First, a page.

Do you have the next Richard H. Brown, a CEO of Electronic Data Systems Corp., who advises graduates to "give technology its soul, its heartbeat" and to ignore failure? (quoted in "'First e-mail class").
You don't? No problem. Be happy. Don't admit the Ralph Waldo Emersons and the Virginia Woolfs of our generation. Simply invite them to be graduation speakers a decade or so hence.
Mr. Gatekeeper, you have made the admissions process to colleges banal. You have stood, to use Parker Palmer's words, "in the midst of this astonishing universe, sifting its wonders through reductionist screens, debunking amazement with data and logic, downsizing mystery to the scale of our own minds." Perhaps your school itself is rooted in banality? Palmer observes, "The root of all banality-including as Hannah Arendt named it, 'the banality of evil'-is our failure to find the other worthy of respect'" (111). Don't worry, Mr. Gatekeeper, I know you'll still respect me in four years.
But do I want to be on your waiting list? As Melville's Bartelby said: "I would prefer not to."
So please don't come calling. But you can call me: No-Longer-Waiting The Lady of Shallot Ophelia Revived Whatever
Palmer, Parker. The Courage to Teach/Exploring the Inner Landscape of a Teacher's Life. San Francisco: Jossey-Bass, 1998.
Steinberg, Jacques. "College Gatekeepers Read Between the Lines." The New York Times. April 3, 2000. June 17, 2000. <http://archives.nytimes.com-archives/>.[This is no longer a valid link, you may view this article here]
Dear College Gatekeeper:
Pardon me while I put on another persona. I mean, I received your letter offering me a position on your waiting list-not a secured place in your class of 2004. Charmed I'm sure. Or as my friend Justine, our school's valedictorian, said when she received her rejection letters from two of the five schools to which she applied: thanks for telling me I suck.
"Gatekeeper," the New York Times called your ilk, the college admissions officer, on April 3, the very day many of us received your missiles, I mean missives.
Me, I'd call you a Summoner-shamelessly selling indulgences in the tradition of Chaucer's carbuncle-ridden faux keeper of the keys to the kingdom in The Canterbury Tales.
"Watch your resume, your transcript, your community service," you tell us as we make our pilgrimages to your college campuses. "And pass the $100 application fee, token of your willingness to give more. Light your lamps of learning," you exhort us, as if we were vestal virgins.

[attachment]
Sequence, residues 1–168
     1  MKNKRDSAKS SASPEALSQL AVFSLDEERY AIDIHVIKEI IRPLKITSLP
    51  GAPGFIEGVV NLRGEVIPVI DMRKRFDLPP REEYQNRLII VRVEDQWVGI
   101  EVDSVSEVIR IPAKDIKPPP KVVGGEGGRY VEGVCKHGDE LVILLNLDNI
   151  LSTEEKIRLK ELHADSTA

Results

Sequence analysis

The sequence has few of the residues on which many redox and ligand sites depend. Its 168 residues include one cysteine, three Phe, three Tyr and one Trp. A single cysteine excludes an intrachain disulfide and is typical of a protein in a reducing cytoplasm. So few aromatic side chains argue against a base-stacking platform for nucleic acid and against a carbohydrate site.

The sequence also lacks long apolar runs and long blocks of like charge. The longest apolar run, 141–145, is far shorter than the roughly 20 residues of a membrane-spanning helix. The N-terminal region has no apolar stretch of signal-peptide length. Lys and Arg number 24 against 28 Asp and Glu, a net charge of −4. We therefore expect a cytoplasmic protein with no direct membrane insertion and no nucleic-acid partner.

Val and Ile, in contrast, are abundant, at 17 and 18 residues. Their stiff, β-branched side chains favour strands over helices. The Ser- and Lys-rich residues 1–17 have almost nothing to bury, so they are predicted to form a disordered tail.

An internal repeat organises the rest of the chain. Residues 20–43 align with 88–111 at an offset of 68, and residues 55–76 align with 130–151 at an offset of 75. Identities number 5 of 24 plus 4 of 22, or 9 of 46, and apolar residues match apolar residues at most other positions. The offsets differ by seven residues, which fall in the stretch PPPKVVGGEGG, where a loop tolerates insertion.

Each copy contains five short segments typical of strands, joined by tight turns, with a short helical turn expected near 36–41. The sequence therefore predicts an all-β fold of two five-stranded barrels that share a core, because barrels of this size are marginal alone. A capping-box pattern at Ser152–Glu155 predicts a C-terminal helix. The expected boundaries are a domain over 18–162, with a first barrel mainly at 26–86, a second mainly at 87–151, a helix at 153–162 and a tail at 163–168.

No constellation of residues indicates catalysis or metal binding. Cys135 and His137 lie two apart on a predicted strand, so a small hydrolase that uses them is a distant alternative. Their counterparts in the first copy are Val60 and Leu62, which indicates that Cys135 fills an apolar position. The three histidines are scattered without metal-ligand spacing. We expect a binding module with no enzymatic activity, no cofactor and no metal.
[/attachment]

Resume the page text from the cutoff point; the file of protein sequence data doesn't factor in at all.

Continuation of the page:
"That's our last class, hanging on the wall," you preen, as mono-maniacally as the Duke in Robert Browning's "My Last Duchess." "Our last class-the best and the brightest." And, in your latest correspondence with me, you add (not exactly in these words): "We here at the Best College Endowments Can Buy choose never to stoop. So you had best secure a spot at another college. Our pool of applicants has, alas, grown as rapidly as Alice's tears in her Adventures in Wonderland. So sorry. Be happy."
You do go on, Mr. Gatekeeper. I mean, you took me for Cinderella's stepsister. You decided my feet were too big, didn't you? And maybe my college application essay put you off? Perhaps I needed more levity, less allusion, more alliteration, less asperity, more adulation, less pallor, more milk-of-human-kindness, less diplomacy, a tad more militancy? Did you find me as savvy as Hillary but not quite so lippy, as youthful as Chelsea but not quite so connected, as ethnic as Oprah but not quite so moneyed
As a retired teacher, I'm no longer able to make daily contact with fellow teachers -one of the downsides of retiring (but, I hasten to as-sure, not enough downside to make me want to go back). This leads me to wondering if things have changed in the few years since I left, particularly in the area of women's issues. Specifically: when I was teaching, we had a male coach who hugged both female and male students. This, he claimed, made him a "safe" hugger, since he neither touched "inappropriately" nor singled out female students. Balderdash! The girls secretly called him "Lech" and never considered his hugging benign, although none felt confident enough to tell her parents. He was a WINNING coach and popular with the male athletes, and, of course, the administration.
Another incident: when I was drama coach, I was sent a note every time I requested a last-period announcement (just before the dismissal bell), which the principal (male) discouraged. As far as I was able to find out, (by innocently asking coaches who made last period announcements whether they found the notes annoying - "What notes?") I was a female non-athletic coach; I got notes.
Tell me, are these guys still around? I hope not. But I'd be more than glad to hear from anyone who has a story. Maybe we can figure out a way to draw some attention, if this behavior does still exist. My email is firstname.lastname@example.org, and I will be at the WILLA table in Milwaukee (Exhibition Hall). No, I won't use any names if you write me;
I remember retribution, too.